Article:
• Don’t take all the eggs out of a single basket/nest. Have at least 5-10 hens in your resource network. 
  • Pace your demands. Don’t ask more than two favours in a row, of the same individual.
  • Don’t demand instant gratification. It triggers a fight-or-flight response in the other person.
  • Choose your favours carefully. Several small ones can be more irritating than one big one.

Now that I’ve said what I’ve wanted to say, let me concede some ground. This post is not meant to be a harsh judgment on some persons. After all, we are all needy at some point or the other. And we need different things at different stages in our life. The challenge is to not let neediness become a habit or a lifestyle. To quote Mohammad (PBUH), ‘the hand that gives is better than the hand that receives’, so be the upper hand.

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You, Creep, You!

Wordle: Hate

You can love someone with all your heart and if you had two hearts, you could hate someone with both. After all, the poor hate the rich and the rich loathe the poor. Fat people resent the thinner ones and the thin ones despise their endowed counterparts. The faithful abhor the faithless and the faithless find them insufferable. The list just goes on.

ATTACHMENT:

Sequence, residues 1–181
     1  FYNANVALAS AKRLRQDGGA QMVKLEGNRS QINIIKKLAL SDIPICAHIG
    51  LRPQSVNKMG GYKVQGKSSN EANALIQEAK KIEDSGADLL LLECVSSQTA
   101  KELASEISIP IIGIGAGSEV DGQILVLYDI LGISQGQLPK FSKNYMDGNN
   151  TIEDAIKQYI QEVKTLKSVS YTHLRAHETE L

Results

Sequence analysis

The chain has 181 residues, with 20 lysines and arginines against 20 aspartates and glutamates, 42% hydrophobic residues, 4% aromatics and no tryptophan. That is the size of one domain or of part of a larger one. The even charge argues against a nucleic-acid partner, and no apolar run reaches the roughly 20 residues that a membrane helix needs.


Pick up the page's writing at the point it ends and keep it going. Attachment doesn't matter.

At the heart of all hatred, you’ll eventually discover a deep sense of insecurity about resources which may be as tangible as money or a job, or as intangible as affection or appreciation. 

At a very basic level, the process works like this:

  • You don’t have something you value. Let’s call it the prize.
  • You consider all the reasons you don’t have the prize and choose a convenient one – you don’t have it because you were denied it (the denial of rights)
  • You look around and find others who do have the prize. These are the usurpers.
  • You make fundamental assumptions about the usurper’s intentions – that the denial of rights was intentional because they’re either supremacists or simply deceitful and unprincipled.
  • You are enraged and decide to fight back, because they deserve it. Now you’re not only playing to kill, you want to be as brutal as possible.   
  • They retaliate and the cycle starts.

Several sociologists, notably Dr. Martin Oppenheimer, have looked at organized hatred that is against the other race, religion, ethnicity, gender, value, choice and basically any and all differences between you and them. They note that sometimes it is based on actual injustice but most often, all the provocation one needs to deal with their own weaknesses and frustrations, is a perception or bias against another, fuelled by notions of supremacy and entitlement.

Whatever the cause or the object, the bottomline is that hatred is destructive for all involved. If you’re acting on it, you’re starting a vicious cycle. If you’re not acting on it, it’s affecting your mental health and possibly your heart health.

So then how do we deal with hatred?                                      

Confucius has nailed it before me by saying:

“He who requires much from himself and little from others, will keep himself from being the object of resentment”.